Following the vote, Stuber asked City Attorney Andrea Springer to review the rules behind public comment and what can be discussed during commission meetings.
Springer said “if something is not on the agenda, by state law, it cannot be discussed.”
She said city rules require people who wish to speak on an agenda item to sign up on a form before the meeting begins.
“If they don’t follow that procedure, the mayor generally doesn’t recognize them,” Springer said.
Ward 3 Commissioner Lewis Blackburn said the sign-up sheet requirement is necessary to maintain order during commission meetings.
In a special session before Tuesday’s study session and regular meeting, Vanhooser was sworn in to the Ward 6 seat, filling a vacancy left when Todd Ging resigned Feb. 20. Vanhooser will fill the remainder of Ging’s unexpired term until he begins his full term in May, along with commissioners-elect Ben Ezzell and Rodney Timm.
Before commencing with the business of the evening, Shewey paused to thank city crews that worked over the last week to restore power to the city’s western water well fields.
Shewey said city workers, along with crews from Vance Air Force Base, OG&E, Alfalfa Electric Cooperative and Koch Nitrogen, performed well under tough conditions to keep water flowing to the city.
Regular power also has been restored to all of the city’s water wells.
Once they got down to business, commissioners made several appointments to fill vacancies on city advisory boards. Those appointments were:
• Metropolitan Area Planning Commission — Geoff Helm and Cody Bill Haney.
• Enid Joint Recreation Triad — Nanci Moore and Lynn Snow.
• Park Board — Molly Helm.
• Enid Public Transit Authority — William Gungoll.
• Board of Adjustment — Gungoll.
• Meadowlake Golf Course Advisory Board — Bob Adamson Jr.
In Renaissance-related business, commissioners approved two change orders totaling $138,550.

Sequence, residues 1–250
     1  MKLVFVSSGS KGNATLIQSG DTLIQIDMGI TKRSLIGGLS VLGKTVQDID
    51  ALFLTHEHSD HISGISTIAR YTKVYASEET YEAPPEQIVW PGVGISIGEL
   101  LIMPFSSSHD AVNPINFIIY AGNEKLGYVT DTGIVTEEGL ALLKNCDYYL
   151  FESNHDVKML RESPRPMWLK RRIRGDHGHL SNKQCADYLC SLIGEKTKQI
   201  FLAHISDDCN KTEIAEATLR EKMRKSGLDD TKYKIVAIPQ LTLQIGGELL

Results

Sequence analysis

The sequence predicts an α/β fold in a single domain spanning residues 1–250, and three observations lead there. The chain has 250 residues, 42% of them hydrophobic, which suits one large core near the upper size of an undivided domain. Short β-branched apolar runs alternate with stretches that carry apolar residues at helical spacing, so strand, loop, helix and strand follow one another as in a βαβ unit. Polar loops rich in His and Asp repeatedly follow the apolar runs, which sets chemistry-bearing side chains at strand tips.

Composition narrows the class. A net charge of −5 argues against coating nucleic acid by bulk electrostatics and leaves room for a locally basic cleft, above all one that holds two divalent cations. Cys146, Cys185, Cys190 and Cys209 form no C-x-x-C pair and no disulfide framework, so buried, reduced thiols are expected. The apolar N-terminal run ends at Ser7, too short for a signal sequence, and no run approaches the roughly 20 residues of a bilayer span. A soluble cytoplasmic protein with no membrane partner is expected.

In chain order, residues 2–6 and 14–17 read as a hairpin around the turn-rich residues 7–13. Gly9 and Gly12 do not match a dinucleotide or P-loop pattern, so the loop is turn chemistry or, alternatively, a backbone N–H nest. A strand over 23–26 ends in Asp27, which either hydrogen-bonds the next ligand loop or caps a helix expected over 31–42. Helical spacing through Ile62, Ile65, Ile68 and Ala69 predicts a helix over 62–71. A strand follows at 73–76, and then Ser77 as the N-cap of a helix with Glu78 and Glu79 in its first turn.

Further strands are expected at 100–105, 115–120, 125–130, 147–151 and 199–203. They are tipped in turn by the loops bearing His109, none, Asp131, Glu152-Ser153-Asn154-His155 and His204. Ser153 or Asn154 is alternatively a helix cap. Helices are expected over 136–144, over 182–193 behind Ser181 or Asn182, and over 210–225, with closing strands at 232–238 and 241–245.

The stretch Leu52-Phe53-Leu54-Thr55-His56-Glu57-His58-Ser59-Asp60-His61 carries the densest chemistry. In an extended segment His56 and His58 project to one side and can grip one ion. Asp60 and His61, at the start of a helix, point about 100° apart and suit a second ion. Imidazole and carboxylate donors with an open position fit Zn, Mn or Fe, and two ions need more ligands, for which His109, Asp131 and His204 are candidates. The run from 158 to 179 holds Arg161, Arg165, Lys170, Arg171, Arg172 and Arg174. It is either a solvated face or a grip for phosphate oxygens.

One change order increased the contract with Carter & Associates by $42,660 to cover two additional months of management services until August. The new contract will not exceed $648,726.
Vanhooser questioned whether the extension signified the project being two months behind schedule.
City Manager Eric Benson said the project is on schedule given previous change orders that were made to install additional steel in Enid Event Center, and that with all change orders figured in the project still is within its 5 percent contingency for cost overruns.
Danny Jardine, program manager for Carter & Associates, said Enid Event Center is on schedule for a June opening.
The second change order amended the contract amount with W.L. McNatt and Co. of Oklahoma City for the Convention Hall renovation project. The original contract was awarded in October 2011 for $7,082,000. It was the sixth change order in the project, raising the project cost by $90,890 to $7,427,148.
In other business, the city commission:
• Voted to close a portion of Westwood adjacent to the 1600 block of Cansler. The road’s right of way ends at the 13th green of Oakwood Country Club, and has been maintained for 20 years by a private property owner. The city will retain its right of way, while the property owner intends to apply in district court to have the road vacated.
• Passed a groundwater access agreement and easement with Garfield County Fairgrounds Trust Authority to develop city water wells on county property in exchange for credits on the cost of up to 2 million gallons of water production per year.
• Approved the purchase of 40.7 acres of land at a cost of $172,000 to create FAA-required obstruction-free zones and easement at the approach end of the runway 35 extension at Enid Woodring Regional Airport.
• Agreed to a cost-sharing water drainage improvement project with Burlington Northern Santa Fe Railway for drainage on and downstream from railroad property at 411 W. Chestnut. BNSF will cost-share up to $150,000. Bids have not yet been received, but total project cost estimates are $250,000, according to the city engineering office.
• Approved $8,000 for additional testing and inspection services by EnviroTech Engineering & Consulting of Enid for Event Center steel work.
• Increased a purchase order amount for a digital signage package for Convention Hall and Enid Event Center by $11,857.21, from $52,512.95 to $64,370.16.
• Accepted a warranty deed from Uplands Resources, Inc. and the Oven family for lots 7-12 block 8 Weatherly’s 6th Addition to Enid. The H. H. Champlin Foundation has pledged $10,000 to be put toward improvements on the property, which is intended to be used to establish the Helen Champlin Oven Park.